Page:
Friday, January 14, 2005


...The president is unwavering in his commitment to the war on terror, but he will be a bit more disciplined with his rhetoric in his second term, he told ABC News' Barbara Walters in an exclusive White House interview.

"I watch what I say. ... I said some things in the first term that were probably a little blunt. 'Bring it on' was a little blunt. I was really speaking to our troops, but it came out and had a different connotation, different meanings for others," he told Walters.

--ABC Web site today

"Anybody who wants to harm American troops will be found and brought to justice," Bush said. "There are some that feel like if they attack us that we may decide to leave prematurely. They don't understand what they are talking about if that is the case. Let me finish. There are some who feel like the conditions are such that they can attack us there. My answer is, bring 'em on." ...

The president made his comments as he spoke to reporters at the White House, following an announcement about his program to combat AIDS in Africa and the Caribbean.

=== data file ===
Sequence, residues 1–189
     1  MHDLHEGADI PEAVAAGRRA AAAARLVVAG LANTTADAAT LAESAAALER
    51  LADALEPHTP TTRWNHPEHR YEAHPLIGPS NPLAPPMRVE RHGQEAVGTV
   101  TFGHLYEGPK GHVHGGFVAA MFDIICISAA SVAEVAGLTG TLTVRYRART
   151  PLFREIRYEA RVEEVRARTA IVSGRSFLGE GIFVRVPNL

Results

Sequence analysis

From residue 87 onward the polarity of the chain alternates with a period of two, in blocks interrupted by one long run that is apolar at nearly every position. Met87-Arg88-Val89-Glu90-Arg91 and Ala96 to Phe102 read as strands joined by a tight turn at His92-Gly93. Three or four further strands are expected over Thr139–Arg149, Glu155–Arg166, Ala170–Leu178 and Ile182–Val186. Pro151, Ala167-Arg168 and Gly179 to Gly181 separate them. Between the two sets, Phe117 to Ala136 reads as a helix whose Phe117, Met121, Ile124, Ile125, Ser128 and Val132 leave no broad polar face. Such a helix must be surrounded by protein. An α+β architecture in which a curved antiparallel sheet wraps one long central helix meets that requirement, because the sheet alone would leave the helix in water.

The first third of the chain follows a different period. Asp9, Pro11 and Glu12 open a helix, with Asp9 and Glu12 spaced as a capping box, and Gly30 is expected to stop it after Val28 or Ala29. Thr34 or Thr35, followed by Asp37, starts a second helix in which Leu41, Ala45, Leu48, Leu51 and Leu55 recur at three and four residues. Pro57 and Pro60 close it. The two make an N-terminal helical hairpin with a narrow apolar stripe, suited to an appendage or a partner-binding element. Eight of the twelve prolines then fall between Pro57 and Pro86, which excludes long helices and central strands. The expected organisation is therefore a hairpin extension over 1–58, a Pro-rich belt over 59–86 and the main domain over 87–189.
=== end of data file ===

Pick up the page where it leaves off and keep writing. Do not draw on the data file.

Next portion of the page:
--CNN, July 3, 2003

(Emphasis mine.)


Incidentally, if you go to the ABC link and you're wondering what Laura's up to at the end ("I feel like over the last several decades maybe we've neglected boys a little bit," she told Walters) check out this book by the head of the national advisory board of the anti-feminist Independent Women's Forum, current and former stomping grounds of Lynne Cheney and other Bushies.


UPDATE RE "BRING 'EM ON": Apparently Bush can't stop clatifying this. The Washington Post reports:

Calling it "a confession, a regret, something," President Bush acknowledged in a round-table interview with regional newspapers yesterday that he has had second thoughts about ... his notorious utterance: "Bring 'em on."

There is no official text of the session, but here's how Tom Webb of the St. Paul (Minn.) Pioneer Press transcribed the president:

"Sometimes, words have consequences you don't intend them to mean. 'Bring 'em on' is the classic example, when I was really trying to rally the troops and make it clear to them that I fully understood, you know, what a great job they were doing.

"And those words had an unintended consequence," Bush continued. "It kind of, some interpreted it to be defiance in the face of danger. That certainly wasn't the case...."

(Again, emphasis mine.)

"Some interpreted it to be"? How the hell else would you interpret it?

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